Tuesday, September 15, 2015
Ask Linda #1149-Meaning of two-club-length drop from lateral hazard
A playing partner hit his ball into a lateral hazard and elected to take a 2 club length penalty drop. When he dropped the ball it rolled backwards about 3 feet and left his stance just over the red line marking the hazard.
He said he was entitled to take the drop again because he was entitled to complete relief from the hazard. I said I thought the ball was in play, my argument being that he was not taking relief, he was taking a penalty drop.
I would say that 90% of the golfers I questioned about the incident said that the player was entitled to another drop.
Can you tell me your opinion, please?
Another question comes to mind and is relevant to the same situation. On taking his penalty drop the ball was always likely to roll backwards because of the slope. Could the player have taken 4 club lengths for 2 penalty shots but not drop the ball after taking the first penalty because it was likely to roll backward into almost the same position?
I look forward to hearing your response.
Lou from Whitley Bay, England
Allow me to preface my answer by stating that Rules are not a matter of opinion; they are a matter of fact.
Your survey reveals that the players you consulted are confusing free relief from such things as immovable obstructions and abnormal ground conditions with penalty drops that specify a drop within two club-lengths:
• Free relief requires that a player take complete relief from the condition, and requires a re-drop if the player still has interference from the same condition after he drops his ball [Rule 20-2c (v)].
• Penalty drops that players use to get relief from such problems as lateral water hazards and unplayable balls are limited to two club-lengths. A player does not get to re-drop unless the ball rolls back into the hazard, rolls more than two club-lengths from where it hit the ground, rolls nearer the hole than the point where it last crossed the margin of the hazard, etc. (for a complete list, read Rule 20-2c).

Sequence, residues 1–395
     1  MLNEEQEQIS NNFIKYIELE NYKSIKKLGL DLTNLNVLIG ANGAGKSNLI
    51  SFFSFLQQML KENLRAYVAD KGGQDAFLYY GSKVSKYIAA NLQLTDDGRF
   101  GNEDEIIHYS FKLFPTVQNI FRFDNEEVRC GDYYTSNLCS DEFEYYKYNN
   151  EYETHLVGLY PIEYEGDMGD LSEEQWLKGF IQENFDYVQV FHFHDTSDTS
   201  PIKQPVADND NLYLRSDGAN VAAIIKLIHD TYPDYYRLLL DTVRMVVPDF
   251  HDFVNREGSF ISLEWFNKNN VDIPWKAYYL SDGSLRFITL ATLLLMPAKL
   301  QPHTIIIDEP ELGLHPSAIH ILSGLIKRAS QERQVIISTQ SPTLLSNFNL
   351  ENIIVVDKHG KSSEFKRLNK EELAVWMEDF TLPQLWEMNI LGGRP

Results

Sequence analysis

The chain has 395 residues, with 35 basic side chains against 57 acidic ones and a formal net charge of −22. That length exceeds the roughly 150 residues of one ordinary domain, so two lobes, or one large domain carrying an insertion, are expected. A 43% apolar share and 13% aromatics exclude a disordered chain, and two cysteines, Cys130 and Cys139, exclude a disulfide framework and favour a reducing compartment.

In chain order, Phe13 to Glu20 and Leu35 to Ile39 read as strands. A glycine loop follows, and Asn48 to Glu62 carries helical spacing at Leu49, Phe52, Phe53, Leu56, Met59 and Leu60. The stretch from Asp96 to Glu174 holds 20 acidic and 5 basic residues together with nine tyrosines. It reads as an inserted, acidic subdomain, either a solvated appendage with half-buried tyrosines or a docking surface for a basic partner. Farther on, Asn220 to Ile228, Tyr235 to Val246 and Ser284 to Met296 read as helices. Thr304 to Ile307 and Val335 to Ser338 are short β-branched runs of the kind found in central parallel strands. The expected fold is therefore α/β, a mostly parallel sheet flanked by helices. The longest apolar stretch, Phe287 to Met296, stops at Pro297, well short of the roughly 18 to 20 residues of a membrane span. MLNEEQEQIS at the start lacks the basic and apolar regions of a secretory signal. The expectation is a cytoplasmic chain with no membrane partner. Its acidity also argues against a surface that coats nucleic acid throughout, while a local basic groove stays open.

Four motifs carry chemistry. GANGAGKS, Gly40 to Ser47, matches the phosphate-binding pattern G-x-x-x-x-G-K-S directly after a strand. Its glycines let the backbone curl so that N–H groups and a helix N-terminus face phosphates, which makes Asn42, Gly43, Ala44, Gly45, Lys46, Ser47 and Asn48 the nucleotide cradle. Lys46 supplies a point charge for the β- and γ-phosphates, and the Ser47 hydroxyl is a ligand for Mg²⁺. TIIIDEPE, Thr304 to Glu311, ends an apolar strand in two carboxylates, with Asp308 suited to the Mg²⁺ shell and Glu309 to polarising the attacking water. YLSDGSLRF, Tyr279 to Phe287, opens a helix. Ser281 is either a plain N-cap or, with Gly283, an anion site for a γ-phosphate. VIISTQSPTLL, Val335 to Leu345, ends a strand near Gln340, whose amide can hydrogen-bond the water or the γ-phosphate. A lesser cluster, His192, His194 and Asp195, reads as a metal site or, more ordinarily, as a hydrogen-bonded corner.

A player is not entitled to complete relief when he takes a two-club-length penalty drop. He is entitled to drop two club-lengths away, period. The player in your scenario was not entitled to re-drop. Your understanding of the Rule is correct.
The answer to your second question is “no.” When a player chooses to take a two-club-length drop, he must drop the ball. If he needs another two club-lengths, he must drop the ball two club-lengths from where the ball came to rest after the first drop. Each two-club-length drop includes another penalty stroke. Don’t forget that if the ball rolls back into the hazard after the first drop, and does the same after a re-drop, the player must place the ball where it hit the ground on his second drop.
If the slope next to the hazard is so steep that a dropped ball will always roll back towards or into the hazard, the hazard boundary may not be marked correctly. Stakes (or lines) should be placed where the ground begins to break down to form the hazard, which generally puts the boundary on a relatively flat piece of land.
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